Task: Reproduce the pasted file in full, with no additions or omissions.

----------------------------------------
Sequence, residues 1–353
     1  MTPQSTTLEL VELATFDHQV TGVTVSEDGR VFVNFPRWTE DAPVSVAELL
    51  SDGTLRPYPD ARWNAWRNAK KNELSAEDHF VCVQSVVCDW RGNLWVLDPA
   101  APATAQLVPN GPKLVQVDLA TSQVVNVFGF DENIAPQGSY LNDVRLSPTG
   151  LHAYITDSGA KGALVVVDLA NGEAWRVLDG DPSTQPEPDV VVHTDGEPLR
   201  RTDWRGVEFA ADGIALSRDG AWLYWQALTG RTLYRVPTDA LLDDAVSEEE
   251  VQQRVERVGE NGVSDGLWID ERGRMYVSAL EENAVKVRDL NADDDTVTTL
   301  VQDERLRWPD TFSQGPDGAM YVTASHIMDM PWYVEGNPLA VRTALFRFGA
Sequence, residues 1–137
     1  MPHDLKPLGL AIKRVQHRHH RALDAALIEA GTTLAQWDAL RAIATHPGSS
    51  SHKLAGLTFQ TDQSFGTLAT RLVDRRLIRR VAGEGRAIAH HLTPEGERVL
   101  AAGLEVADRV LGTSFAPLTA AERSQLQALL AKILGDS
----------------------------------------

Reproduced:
Sequence, residues 1–353
     1  MTPQSTTLEL VELATFDHQV TGVTVSEDGR VFVNFPRWTE DAPVSVAELL
    51  SDGTLRPYPD ARWNAWRNAK KNELSAEDHF VCVQSVVCDW RGNLWVLDPA
   101  APATAQLVPN GPKLVQVDLA TSQVVNVFGF DENIAPQGSY LNDVRLSPTG
   151  LHAYITDSGA KGALVVVDLA NGEAWRVLDG DPSTQPEPDV VVHTDGEPLR
   201  RTDWRGVEFA ADGIALSRDG AWLYWQALTG RTLYRVPTDA LLDDAVSEEE
   251  VQQRVERVGE NGVSDGLWID ERGRMYVSAL EENAVKVRDL NADDDTVTTL
   301  VQDERLRWPD TFSQGPDGAM YVTASHIMDM PWYVEGNPLA VRTALFRFGA
Sequence, residues 1–137
     1  MPHDLKPLGL AIKRVQHRHH RALDAALIEA GTTLAQWDAL RAIATHPGSS
    51  SHKLAGLTFQ TDQSFGTLAT RLVDRRLIRR VAGEGRAIAH HLTPEGERVL
   101  AAGLEVADRV LGTSFAPLTA AERSQLQALL AKILGDS